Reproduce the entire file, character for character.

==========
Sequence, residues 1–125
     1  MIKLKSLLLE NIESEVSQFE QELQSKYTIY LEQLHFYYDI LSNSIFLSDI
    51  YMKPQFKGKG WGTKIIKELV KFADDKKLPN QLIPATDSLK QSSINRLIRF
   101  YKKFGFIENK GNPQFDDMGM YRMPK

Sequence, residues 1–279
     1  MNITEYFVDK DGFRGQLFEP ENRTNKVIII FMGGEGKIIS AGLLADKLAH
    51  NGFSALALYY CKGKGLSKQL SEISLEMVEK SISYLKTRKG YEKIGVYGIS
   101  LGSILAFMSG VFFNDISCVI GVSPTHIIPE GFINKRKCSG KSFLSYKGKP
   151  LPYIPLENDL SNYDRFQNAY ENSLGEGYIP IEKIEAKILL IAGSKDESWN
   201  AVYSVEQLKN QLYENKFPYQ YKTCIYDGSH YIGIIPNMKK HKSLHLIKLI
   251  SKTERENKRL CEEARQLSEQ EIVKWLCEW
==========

Sequence, residues 1–125
     1  MIKLKSLLLE NIESEVSQFE QELQSKYTIY LEQLHFYYDI LSNSIFLSDI
    51  YMKPQFKGKG WGTKIIKELV KFADDKKLPN QLIPATDSLK QSSINRLIRF
   101  YKKFGFIENK GNPQFDDMGM YRMPK

Sequence, residues 1–279
     1  MNITEYFVDK DGFRGQLFEP ENRTNKVIII FMGGEGKIIS AGLLADKLAH
    51  NGFSALALYY CKGKGLSKQL SEISLEMVEK SISYLKTRKG YEKIGVYGIS
   101  LGSILAFMSG VFFNDISCVI GVSPTHIIPE GFINKRKCSG KSFLSYKGKP
   151  LPYIPLENDL SNYDRFQNAY ENSLGEGYIP IEKIEAKILL IAGSKDESWN
   201  AVYSVEQLKN QLYENKFPYQ YKTCIYDGSH YIGIIPNMKK HKSLHLIKLI
   251  SKTERENKRL CEEARQLSEQ EIVKWLCEW